She died on June 21, 2012, in her home in Manhattan, New York, aged 96. Her husband Isaac predeceased her in 1999; they had been married for over 60 years. She was survived by four children (Jonathan, Joel, Naomi Pasachoff and Paula Berggren) as well as seven grandchildren and six great-grandchildren.[19]

Honorary degrees


  • Monetary History of the United States, 1867–1960 (with Milton Friedman), 1963 ISBN 0-691-00354-8
  • Monetary Statistics of the United States: Estimates, Sources, Methods (with Milton Friedman), 1970 ISBN 0-87014-210-0
  • Growth and Fluctuations in the British Economy, 1790–1850: An Historical, Statistical, and Theoretical Study of Britain's Economic Development (with Arthur Gayer and Walt Whitman Rostow), 1953 ISBN 0-06-492344-4
  • Money in Historical Perspective (with an introduction by Michael D. Bordo and Milton Friedman), 1987 ISBN 0-226-74228-8


  1. ^ Milton Friedman; Anna Jacobson Schwartz; National Bureau of Economic Research (2008). "B. Bernanke's speech to M. Friedman". The Great Contraction, 1929–1933. Princeton University Press. p. 247. ISBN 978-0-691-13794-0.
  2. ^ Shiller, Robert J. (2017). "Narrative Economics". American Economic Review. 107 (4): 967–1004. doi:10.1257/aer.107.4.967. ISSN 0002-8282.
  3. ^ National Women's Hall of Fame, Anna Jacobson Schwartz
  4. ^ a b Lipsey, Robert. "Anna Jacobson Schwartz". Jewish Women's Archive. Retrieved August 28, 2013.
  5. ^ "Anna Jacobson Schwartz | American economist". Encyclopedia Britannica. Retrieved July 5, 2017.
  6. ^ Gayer, Arthur D.; Schwartz, Anna J.; Rostow, W. W. (1975). The growth and fluctuation of the British economy, 1790-1850 : an historical, statistical, and theoretical study of Britain's economic development. New York: Barnes & Noble Books. ISBN 978-0064923446. OCLC 2066523.
  7. ^ "Anna Schwartz". August 29, 2012. Retrieved July 5, 2017.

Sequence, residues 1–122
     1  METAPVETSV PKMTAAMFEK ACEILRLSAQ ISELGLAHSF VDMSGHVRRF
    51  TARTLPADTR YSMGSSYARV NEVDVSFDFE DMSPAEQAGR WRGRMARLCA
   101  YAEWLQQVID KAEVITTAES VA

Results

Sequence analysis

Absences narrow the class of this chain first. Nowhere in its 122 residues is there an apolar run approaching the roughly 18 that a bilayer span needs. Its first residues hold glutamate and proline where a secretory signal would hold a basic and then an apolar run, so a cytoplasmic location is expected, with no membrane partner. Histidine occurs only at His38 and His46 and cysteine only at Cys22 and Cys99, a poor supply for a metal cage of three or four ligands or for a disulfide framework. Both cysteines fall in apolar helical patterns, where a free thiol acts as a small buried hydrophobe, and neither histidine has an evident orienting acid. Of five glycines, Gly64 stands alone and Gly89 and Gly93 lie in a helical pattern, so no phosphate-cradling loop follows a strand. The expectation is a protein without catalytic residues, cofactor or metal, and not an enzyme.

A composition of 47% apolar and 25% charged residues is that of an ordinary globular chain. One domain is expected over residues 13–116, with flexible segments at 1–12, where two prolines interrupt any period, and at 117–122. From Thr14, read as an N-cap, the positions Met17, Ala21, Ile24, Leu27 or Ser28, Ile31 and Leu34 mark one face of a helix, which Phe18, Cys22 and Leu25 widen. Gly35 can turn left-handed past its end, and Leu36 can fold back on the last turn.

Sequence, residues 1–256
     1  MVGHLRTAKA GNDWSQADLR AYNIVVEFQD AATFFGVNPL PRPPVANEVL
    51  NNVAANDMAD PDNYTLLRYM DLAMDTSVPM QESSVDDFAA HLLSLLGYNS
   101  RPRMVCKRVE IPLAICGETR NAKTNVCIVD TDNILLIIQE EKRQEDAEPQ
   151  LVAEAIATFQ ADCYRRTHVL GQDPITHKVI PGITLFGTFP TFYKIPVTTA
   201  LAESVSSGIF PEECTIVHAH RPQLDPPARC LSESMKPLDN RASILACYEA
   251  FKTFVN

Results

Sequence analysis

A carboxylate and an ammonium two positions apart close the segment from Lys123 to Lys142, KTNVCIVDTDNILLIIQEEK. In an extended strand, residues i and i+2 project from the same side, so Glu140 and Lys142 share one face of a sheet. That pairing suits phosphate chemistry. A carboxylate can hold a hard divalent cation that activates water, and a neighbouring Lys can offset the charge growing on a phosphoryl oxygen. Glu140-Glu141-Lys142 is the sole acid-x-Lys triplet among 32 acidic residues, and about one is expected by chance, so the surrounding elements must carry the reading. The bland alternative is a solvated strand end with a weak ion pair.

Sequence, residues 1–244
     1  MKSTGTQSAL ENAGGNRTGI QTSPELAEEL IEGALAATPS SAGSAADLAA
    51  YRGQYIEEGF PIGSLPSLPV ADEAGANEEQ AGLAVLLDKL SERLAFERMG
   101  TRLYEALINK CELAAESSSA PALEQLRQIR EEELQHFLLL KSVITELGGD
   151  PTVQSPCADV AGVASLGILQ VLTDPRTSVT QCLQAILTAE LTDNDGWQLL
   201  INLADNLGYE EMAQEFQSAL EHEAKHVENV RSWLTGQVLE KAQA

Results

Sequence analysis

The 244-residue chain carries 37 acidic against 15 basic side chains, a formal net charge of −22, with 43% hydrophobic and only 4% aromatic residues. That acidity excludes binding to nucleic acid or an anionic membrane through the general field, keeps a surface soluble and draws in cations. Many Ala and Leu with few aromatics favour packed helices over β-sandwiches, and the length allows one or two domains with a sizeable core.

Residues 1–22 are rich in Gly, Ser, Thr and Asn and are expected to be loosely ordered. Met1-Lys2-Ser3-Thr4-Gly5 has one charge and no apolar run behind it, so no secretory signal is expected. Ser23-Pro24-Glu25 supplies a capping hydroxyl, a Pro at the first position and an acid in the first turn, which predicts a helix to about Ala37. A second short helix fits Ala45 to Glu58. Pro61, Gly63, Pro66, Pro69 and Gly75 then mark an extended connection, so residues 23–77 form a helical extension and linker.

8. ^ "NBER Working Papers and Publications by Anna J. Schwartz". Retrieved July 5, 2017.
  9. ^ Milton Friedman; Anna Jacobson Schwartz; National Bureau of Economic Research (2008). "B. Bernanke's speech to M. Friedman". The Great Contraction, 1929–1933. Princeton University Press. p. 247. ISBN 978-0-691-13794-0.
  10. ^ Ben Bernanke (November 8, 2002), Conference to Honor Milton Friedman, University of Chicago
  11. ^ Milton Friedman; Anna Jacobson Schwartz; National Bureau of Economic Research (2008). "B. Bernanke's speech to M. Friedman". The Great Contraction, 1929–1933. Princeton University Press. p. 247. ISBN 978-0-691-13794-0.
  12. ^ "Anna Jacobson Schwartz | American economist". Encyclopedia Britannica. Retrieved July 6, 2017.
  13. ^ "List of Presidents of the IAES". Archived from the original on June 21, 2009. Retrieved 2010-01-31.. Accessed January 31, 2010.
  14. ^ "Book of Members, 1780–2010: Chapter S" (PDF). American Academy of Arts and Sciences. Retrieved July 25, 2014.
  15. ^ Brian M. Carney (October 18, 2008). "Anna Schwartz: Bernanke Is Fighting the Last War". The Wall Street Journal. Retrieved June 10, 2013.
  16. ^ Anna Jacobson Schwartz (July 25, 2009). "Man Without a Plan". The New York Times. Retrieved June 10, 2013. Op-ed in opposition to January 2010 reappointment of Ben Bernanke as Federal Reserve Board chair.
  17. ^ Nelson, Edward; Schwartz, Anna J. (2008). "The Impact of Milton Friedman on Modern Monetary Economics: Setting the Record Straight on Paul Krugman's 'Who was Milton Friedman?'" (PDF). Journal of Monetary Economics. 55 (4): 835–856. doi:10.1016/j.jmoneco.2008.01.001.
  18. ^ "Registered Author: Anna Jacobson Schwartz". Retrieved July 5, 2017.
  19. ^ Hershey, Jr., Robert D. (June 21, 2012). "Anna Schwartz, Economist Who Worked With Friedman, Dies at 96". The New York Times. Retrieved July 4, 2017.

Further reading

External links

This page was last edited on 28 June 2022, at 05:12